Houston’s shuttle gets new name, familiar ride
Houston’s space shuttle finally has a name. It was announced Saturday (Oct. 5) that the high-fidelity mockup would receive the name “Independence,” chosen from about 10,260 entries submitted to Space Center Houston. Each entry from Texas residents, of three words or less, had to symbolize the spirit of the state and its unique characteristics.
Tim Judd, 29, of Kingwood, who submitted the winning entry, said independence is important to Texas and all Americans. It was this view that sealed his entry’s name as the winner.
“Independence” was originally christened Explorer when it was displayed at the Kennedy Space Center Visitor Complex in Florida. The mockup was moved from Florida because the complex was chosen as the new home of space shuttle Atlantis, which had flown some 33 missions into space.
At Kennedy, the interior of the replica shuttle could be viewed by visitors, including its payload bay and a mockup satellite. Plans are for Space Center Houston visitors to not only continue seeing inside the shuttle, but also its Boeing 747 shuttle-carrier aircraft, on which it will be mounted as part of a six-story tall exhibit – have garnered a great deal of enthusiasm and excitement.
The newly christened “Independence” and its SCA counterpart, known by tail number as NASA 905, is to not only be an attraction, but also to serve as the focal point for new educational programs to inspire students to pursue careers in science, technology, engineering and Math or “STEM” as they are collectively known.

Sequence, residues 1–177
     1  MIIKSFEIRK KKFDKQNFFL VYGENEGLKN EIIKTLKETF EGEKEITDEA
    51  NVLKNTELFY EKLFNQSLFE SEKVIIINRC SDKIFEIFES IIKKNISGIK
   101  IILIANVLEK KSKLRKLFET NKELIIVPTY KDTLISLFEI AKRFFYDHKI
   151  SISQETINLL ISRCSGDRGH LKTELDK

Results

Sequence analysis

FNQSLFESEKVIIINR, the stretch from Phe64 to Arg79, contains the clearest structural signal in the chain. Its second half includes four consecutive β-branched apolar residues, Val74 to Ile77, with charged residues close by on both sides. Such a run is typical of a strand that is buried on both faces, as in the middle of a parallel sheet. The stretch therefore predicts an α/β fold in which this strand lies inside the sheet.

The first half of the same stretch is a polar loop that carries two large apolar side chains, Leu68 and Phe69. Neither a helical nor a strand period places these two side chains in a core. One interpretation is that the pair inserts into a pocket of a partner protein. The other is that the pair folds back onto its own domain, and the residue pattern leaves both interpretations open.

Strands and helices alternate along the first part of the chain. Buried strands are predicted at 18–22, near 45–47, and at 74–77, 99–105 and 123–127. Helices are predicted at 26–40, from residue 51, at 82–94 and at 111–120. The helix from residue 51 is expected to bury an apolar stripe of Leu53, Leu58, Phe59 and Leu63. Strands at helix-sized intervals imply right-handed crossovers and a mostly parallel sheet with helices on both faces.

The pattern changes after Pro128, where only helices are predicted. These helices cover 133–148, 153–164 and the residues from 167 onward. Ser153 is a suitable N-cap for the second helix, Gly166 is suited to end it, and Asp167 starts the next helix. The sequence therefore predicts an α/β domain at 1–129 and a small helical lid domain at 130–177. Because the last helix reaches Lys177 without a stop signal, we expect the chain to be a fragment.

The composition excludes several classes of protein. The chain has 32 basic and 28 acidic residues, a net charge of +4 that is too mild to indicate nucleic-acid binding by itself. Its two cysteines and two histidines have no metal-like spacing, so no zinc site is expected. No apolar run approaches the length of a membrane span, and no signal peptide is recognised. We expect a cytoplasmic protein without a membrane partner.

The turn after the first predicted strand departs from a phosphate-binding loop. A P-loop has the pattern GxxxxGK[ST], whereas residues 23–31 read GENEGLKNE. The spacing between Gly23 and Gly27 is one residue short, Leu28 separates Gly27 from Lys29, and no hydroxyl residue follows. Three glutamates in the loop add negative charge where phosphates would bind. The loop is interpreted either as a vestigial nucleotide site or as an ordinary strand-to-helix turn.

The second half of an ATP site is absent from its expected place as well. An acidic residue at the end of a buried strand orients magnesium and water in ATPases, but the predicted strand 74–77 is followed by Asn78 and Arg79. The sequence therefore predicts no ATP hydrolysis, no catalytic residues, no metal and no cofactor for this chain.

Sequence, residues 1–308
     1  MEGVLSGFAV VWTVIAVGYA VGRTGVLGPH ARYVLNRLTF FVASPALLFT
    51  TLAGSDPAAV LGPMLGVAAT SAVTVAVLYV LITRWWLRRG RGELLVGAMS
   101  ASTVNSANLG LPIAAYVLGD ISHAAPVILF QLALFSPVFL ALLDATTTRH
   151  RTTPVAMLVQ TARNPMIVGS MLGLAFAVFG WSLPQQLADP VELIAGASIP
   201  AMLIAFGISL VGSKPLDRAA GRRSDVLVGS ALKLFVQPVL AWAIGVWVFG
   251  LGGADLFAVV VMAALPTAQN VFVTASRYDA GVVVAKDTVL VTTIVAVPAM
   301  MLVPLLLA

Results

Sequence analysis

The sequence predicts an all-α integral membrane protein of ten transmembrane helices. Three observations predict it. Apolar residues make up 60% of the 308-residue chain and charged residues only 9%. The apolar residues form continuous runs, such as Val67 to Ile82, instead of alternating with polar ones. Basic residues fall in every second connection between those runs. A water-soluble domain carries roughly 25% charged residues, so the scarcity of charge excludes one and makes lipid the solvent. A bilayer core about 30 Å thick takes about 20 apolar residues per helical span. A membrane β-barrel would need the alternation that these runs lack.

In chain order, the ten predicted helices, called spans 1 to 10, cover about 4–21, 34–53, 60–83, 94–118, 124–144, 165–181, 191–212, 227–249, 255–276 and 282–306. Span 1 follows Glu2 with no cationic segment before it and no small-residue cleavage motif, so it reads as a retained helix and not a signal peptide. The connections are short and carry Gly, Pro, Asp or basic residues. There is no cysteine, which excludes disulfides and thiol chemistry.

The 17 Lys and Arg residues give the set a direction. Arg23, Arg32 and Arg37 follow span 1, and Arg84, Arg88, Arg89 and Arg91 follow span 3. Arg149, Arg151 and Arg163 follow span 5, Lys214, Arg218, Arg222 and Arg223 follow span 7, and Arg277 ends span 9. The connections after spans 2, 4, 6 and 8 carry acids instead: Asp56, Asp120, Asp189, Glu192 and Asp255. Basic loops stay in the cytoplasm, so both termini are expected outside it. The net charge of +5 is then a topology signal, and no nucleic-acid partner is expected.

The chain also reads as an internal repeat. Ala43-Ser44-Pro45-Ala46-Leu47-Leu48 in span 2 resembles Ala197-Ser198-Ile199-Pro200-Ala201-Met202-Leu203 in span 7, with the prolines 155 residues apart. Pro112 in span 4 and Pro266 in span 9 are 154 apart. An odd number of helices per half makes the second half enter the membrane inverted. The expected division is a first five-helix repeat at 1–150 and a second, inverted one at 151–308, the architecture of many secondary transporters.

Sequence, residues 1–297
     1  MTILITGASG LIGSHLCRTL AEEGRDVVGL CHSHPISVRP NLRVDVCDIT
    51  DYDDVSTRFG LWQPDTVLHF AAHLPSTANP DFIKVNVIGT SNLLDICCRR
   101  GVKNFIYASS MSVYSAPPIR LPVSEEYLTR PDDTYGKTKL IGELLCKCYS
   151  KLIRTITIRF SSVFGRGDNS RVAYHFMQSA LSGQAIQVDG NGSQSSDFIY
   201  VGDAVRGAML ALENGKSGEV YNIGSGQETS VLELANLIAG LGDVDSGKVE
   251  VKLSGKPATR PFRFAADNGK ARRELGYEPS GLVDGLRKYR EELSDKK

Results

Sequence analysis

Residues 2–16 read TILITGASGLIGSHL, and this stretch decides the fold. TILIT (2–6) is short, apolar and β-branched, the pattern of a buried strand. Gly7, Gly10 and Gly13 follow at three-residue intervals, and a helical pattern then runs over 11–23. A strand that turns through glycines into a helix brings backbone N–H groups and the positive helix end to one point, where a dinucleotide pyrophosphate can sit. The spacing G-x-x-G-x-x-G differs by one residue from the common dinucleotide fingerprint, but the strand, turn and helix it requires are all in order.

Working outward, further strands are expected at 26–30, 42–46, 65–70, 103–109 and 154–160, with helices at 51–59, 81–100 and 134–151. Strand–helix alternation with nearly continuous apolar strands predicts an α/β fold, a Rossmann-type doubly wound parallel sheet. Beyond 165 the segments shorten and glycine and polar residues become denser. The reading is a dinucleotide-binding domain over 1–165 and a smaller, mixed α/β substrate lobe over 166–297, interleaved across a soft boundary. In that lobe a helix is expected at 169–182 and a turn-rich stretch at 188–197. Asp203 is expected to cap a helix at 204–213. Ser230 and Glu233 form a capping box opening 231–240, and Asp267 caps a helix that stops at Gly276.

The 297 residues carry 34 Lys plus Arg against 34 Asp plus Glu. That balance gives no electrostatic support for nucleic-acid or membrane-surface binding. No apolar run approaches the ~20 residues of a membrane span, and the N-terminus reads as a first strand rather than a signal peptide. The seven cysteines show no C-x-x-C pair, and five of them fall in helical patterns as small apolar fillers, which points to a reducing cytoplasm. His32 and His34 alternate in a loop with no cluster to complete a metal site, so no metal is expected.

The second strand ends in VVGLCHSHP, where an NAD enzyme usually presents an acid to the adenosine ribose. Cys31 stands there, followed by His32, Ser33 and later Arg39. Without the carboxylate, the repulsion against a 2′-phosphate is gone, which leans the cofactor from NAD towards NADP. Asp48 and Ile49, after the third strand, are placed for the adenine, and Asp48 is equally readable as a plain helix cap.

While the shuttle is currently viewable to the public, plans are for the 747 to be brought from Ellington Field, its current storage location, to Space Center Houston in November of this year. Following reassembly of the airplane, a tower structure for access to both the 747 and Independence will also need to be built. Completion of the new exhibit is scheduled for early 2015.
Space Center Houston, the official visitor’s center of NASA’s Johnson Space Center, where astronauts train and the location of Mission Control, was widely thought to be on the short list for one of NASA’s four flown orbiters or for Enterprise, the prototype, following the spacecraft’s retirement in 2011. However, the location was not tapped to receive one of these historical treasures.
Instead, Discovery, the fleet leader with 39 missions was awarded to the Smithsonian Institution and can be seen at the Udvar-Hazy Center in Chantilly, Va . Endeavour went to the California Science Center just south of downtown Los Angeles, and Enterprise was given to the Intrepid Sea, Air and Space Museum.
This article was produced with content appearing on the Associated Press as well as from Space Center Houston.
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